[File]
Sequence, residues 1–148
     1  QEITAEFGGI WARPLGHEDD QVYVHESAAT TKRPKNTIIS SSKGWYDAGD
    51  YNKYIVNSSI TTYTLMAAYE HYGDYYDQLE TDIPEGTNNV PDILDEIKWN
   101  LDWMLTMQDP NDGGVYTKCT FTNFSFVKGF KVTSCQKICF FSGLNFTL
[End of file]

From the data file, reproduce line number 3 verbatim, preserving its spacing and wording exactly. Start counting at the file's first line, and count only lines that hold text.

    51  YNKYIVNSSI TTYTLMAAYE HYGDYYDQLE TDIPEGTNNV PDILDEIKWN